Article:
Proxmox part 7: Proxmox in Proxmox
In part 1 of the virtual-proxmox series, we installed Proxmox on on a regular Linux desktop computer inside of KVM (Kernel Virtual Machine). In this post, we will do something similar, but this time we will install a virtual Proxmox inside of an existing Proxmox server, and then make a cluster of virtual Proxmoxen, all managed from one dashboard. This endeavour serves no practical production purpose, but may be very useful for testing and/or documentation, both of which are germane to this blog.
Upload the proxmox iso image
On your existing Proxmox server, open the dashboard:
- Click on the
localstorage (by default, or whatever storage you have that is tagged for ISO image use).
Uploadand choose the
proxmox-ve_8.0-2.iso(or similar) and upload it.
Create a new VM
- Right click on the proxmox server underneath the datacenter list.
- Give the VM a name:
- Choose the proxmox ISO image you uploaded
- Choose the disk size (default 32GB)
- Give it some cores (2) and some RAM (8192)
- Finalize the creation.
Install Proxmox in the VM
Start the VM and open the console and finish the installation of
Proxmox. After rebooting, take note of the URL printed in the console,
and open it in your web browser to access the virtual proxmox
https://x.x.x.x:8006). You must bypass the self-signed
certiticate the first time you open it.
Create a Proxmox cluster
You can join both the native proxmox and the virtual proxmox together into one cluster, and this way you will be able to manage both instances under one dashboard.
- Open the dashboard on your native proxmox host
- Click on
- Enter any name for the cluster (eg. name it after the home location, as you may want to add all the servers around your home to this same cluster)
- Finalize the creation of the cluster.
Join informationand copy the join information.
Join the virtual proxmox to the cluster
- Open the dashboard on your virtual proxmox instance
- Click on
- Paste in the join information copied from the native dashboard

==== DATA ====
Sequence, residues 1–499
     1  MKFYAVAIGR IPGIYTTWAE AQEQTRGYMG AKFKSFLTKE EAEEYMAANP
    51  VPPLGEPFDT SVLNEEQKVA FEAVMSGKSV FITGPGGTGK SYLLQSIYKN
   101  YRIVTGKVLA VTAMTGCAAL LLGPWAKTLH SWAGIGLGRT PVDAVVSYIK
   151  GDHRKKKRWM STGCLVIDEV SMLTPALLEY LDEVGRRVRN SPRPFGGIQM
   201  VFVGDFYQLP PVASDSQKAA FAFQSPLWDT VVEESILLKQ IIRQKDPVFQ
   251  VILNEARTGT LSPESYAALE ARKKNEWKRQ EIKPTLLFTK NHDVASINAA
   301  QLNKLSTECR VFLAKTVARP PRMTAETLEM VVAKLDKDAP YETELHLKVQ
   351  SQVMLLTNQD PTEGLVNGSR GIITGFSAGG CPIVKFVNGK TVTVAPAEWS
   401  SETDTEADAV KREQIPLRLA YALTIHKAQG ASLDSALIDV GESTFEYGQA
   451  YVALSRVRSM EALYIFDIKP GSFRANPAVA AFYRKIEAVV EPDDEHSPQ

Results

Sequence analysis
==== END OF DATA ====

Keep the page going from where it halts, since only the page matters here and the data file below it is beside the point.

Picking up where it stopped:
- Enter the root password of the host
Now you will find the virtual instance has been populated on the
native host’s dashboard. Find
pve-test in the list under
Add additional storage to the virtual instance
Virtual hard drives are hot swappable, so you can simply create and attach as many virtual drives without needing to reboot.
- Click the
pve-testVM on the host server.
- Choose the storage pool and the size
Addto add the new disk.
- Repeat this process, to add a total of two new virtual disks.
Find the new disk automatically recognized on the
- Under the
- Click on
- See that the new disks are shown in the list
- Enter the name:
- Choose the RAID level:
- Select both of the new drives available in the list.
Remove a node from the cluster
Log into the pve shell, run:
## List all the cluster nodes: pvecm nodes
You should see two nodes, 1) your native proxmox host 2) the virtual proxmox host.
According to the documentation, here’s how you remove the node from the cluster:
- Backup / Move all the VMs and data (although you probably haven’t put anything important in there yet, so whatever).
- Shutdown and disable the
pve-testVM from starting on boot.
- With one node missing from a two node cluster, you no longer have quruom to do most tasks. To regain quorum on the primary node, you must set the expected # of votes to 1, run:
## Regain quorum: pvecm expected 1
- Remove the node from the cluster, run:
## Remove the node from the cluster: pvecm delnode pve-test
It should say
Killing node 2. The docs also say that you can safely
ignore any error about
Could not kill node (error = CS_ERR_NOT_EXIST), it is not really a failure.
- Refresh the dashboard, and the
pve-testnode should be now be gone.
- Click on
Datacenter, and then
Cluster, and you should see the cluster no longer shows the
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